Wendy Duke is back with us today! I am so happy to have her join us here at Ask God Today where she is sharing her heart with you. We don’t want to miss what she has to say. When Wendy speaks…people listen!!
How Almost Missing Christmas Made Me Love Multi-colored Lights
by Wendy Duke|
I’ve always hated multi-colored Christmas lights. I can’t explain why, really. They just seem … juvenile, or maybe tacky, or just out-of-style. The snobby me would drive past a house lit up like a box of jelly beans and turn my nose up a little. How tacky. How unrefined.
But last December changed the way I look at Christmas.
My family spent the three months leading up to Christmas Eve in Naypyidaw, Myanmar, where celebrating the birth of Christ is just a novel American trend and carries as much spiritual meaning as Frosty the Snowman’s magic hat. But in December, the local mall started inexplicably playing instrumental holiday music over the PA system. One evening, as we climbed out of our tiny Asian car in the parking garage, all four of us stopped in our tracks and gasped when we heard the elevator version of “Deck the Halls” on the loudspeaker, and simultaneously broke out in Fa la la la la, la la la la while the Burmese security guards stood gaping. We had been so removed from Christ that we’d almost forgotten it was Christmas. Yet even in a country that scoffs at the idea of Jesus, the stores were decorated with gaudy baubles and sparkling tinsel, orange Christmas trees were scattered around the storefronts, and silver snowflakes hung from the ceiling–in a city that never drops below 60 degrees Fahrenheit. I was so jealous every time the Internet worked long enough for me to scan through Pinterest at all the hand-crafted wreaths and decorations people were hanging on their front doors that I had to abstain completely from browsing pins.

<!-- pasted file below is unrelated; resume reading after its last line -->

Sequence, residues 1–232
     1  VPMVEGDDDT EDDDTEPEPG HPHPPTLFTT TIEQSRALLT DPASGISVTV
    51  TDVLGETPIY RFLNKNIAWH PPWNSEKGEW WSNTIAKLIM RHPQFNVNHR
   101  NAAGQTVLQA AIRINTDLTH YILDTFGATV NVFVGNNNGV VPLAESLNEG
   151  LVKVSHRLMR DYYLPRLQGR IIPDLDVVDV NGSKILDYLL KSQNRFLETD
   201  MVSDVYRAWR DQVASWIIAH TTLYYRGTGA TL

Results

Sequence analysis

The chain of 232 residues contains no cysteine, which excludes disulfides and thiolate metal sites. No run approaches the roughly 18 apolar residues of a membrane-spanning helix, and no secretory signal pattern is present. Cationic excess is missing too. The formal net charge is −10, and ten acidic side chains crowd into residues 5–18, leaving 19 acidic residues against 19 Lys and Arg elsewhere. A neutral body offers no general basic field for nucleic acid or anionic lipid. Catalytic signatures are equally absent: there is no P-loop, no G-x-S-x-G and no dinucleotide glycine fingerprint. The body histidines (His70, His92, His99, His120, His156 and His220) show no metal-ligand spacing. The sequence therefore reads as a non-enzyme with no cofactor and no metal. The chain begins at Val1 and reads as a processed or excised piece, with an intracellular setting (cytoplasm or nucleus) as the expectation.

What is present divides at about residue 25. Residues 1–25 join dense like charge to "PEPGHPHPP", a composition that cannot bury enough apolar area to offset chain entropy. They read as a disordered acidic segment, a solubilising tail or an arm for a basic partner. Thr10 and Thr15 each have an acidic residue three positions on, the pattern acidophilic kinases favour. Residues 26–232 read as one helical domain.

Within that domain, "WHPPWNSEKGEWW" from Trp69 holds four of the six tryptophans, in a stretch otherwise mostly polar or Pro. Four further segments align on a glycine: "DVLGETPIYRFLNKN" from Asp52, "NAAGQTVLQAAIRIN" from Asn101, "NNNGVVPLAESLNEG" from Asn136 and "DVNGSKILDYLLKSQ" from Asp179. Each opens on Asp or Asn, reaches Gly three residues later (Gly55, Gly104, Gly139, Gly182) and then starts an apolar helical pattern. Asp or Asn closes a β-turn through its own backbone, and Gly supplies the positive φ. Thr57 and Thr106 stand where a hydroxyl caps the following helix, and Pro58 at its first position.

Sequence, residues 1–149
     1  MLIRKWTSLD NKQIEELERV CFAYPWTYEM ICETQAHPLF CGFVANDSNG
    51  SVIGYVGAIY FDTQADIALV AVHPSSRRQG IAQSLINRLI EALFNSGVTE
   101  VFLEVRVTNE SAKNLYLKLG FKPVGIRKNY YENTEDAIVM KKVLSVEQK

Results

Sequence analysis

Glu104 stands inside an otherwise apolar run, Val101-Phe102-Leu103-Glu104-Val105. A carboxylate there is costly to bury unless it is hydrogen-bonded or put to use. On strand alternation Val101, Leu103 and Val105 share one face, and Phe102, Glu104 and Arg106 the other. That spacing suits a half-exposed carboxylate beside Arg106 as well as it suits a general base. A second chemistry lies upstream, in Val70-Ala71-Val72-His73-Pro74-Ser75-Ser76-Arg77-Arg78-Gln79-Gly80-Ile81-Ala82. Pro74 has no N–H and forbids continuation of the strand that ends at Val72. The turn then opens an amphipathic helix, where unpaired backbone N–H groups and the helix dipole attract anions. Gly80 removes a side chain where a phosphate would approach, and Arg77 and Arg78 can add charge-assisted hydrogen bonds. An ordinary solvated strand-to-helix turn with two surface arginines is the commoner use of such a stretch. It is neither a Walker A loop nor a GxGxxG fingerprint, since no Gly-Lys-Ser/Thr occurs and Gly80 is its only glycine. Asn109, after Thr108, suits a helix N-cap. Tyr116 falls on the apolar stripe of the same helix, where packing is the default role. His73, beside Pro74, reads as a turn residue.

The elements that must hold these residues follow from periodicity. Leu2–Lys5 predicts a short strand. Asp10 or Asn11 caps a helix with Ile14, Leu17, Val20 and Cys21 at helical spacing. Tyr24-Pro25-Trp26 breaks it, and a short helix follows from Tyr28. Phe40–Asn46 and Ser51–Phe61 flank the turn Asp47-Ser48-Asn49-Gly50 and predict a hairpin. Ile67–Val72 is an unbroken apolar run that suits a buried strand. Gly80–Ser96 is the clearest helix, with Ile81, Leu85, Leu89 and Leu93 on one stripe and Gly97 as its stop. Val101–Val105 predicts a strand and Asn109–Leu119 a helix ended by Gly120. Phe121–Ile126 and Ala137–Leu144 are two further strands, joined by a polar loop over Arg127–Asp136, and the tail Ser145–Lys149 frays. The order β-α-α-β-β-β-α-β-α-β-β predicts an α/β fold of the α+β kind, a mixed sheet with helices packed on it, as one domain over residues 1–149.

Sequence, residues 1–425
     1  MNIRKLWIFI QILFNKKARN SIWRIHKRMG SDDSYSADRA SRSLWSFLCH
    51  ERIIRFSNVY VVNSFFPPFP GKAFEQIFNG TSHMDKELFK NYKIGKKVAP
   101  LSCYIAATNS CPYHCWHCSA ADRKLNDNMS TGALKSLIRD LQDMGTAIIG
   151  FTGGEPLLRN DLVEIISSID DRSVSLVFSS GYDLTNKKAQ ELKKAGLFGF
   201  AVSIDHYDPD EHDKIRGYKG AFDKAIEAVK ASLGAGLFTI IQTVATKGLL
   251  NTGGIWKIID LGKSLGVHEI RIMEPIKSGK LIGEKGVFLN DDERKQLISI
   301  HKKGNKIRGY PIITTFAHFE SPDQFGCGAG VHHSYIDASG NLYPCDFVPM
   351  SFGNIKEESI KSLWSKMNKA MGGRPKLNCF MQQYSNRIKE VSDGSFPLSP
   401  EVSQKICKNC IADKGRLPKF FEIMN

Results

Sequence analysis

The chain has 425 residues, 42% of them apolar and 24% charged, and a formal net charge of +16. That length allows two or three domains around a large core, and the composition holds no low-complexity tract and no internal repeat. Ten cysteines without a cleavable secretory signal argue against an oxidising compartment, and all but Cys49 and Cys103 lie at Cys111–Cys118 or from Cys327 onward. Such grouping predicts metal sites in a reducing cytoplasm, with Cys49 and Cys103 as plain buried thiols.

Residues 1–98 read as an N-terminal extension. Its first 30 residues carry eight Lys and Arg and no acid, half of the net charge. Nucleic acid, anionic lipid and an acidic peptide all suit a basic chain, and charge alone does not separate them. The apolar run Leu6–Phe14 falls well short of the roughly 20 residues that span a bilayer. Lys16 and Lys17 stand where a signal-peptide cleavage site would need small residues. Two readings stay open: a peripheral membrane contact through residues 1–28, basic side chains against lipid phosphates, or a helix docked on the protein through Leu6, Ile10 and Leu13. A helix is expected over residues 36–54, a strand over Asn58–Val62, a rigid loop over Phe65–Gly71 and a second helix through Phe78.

But we were so consumed with our upcoming basketball tournament, that, day-to-day, it was easy to forget it was Christmas.
I guess we do that here in America, too. We get so caught up in the mad dash to buy up all the items on The List, in attending the Christmas plays and programs, in making Pinterest-worthy snacks for the class party, in packaging prize-winning gifts and redesigning our entire living rooms around decorations and posing for Facebook pics of the reindeer on our mantels, that we forget to actually celebrate.
cel·e·brate ˈseləˌbrāt verb
- publicly acknowledge (a significant or happy day or event) with a social gathering or enjoyable activity. “They were celebrating their wedding anniversary at a restaurant”
- perform (a religious ceremony) publicly and duly, in particular officiate at (the Eucharist).
“He celebrated holy Communion”
I had to actually look this up to explain what I really mean by this, but I just feel like we’re leaving something out of Christmas. Something important is missing. We don’t really celebrate Christmas anymore — we conquer it, survive it, get it done, but we forget to celebrate. In October, people start saying, “Well, we can’t get together again ‘til the first of the year because everybody’s so busy in December…it’s too hectic.” Wait, what? We don’t have time to gather together and fellowship, celebrate with people we love because, … we have to get our tree out and hang lights the day after Thanksgiving? We’ve made Christmas a job. It’s like we plan a birthday party for Jesus, send out the invites, order all the food and decorate the house, but forget to invite the guest of honor. Maybe we even resent Him a little if He shows up with party tunes, because we have an agenda for this thing and now there’s one more mouth to feed and clean up after.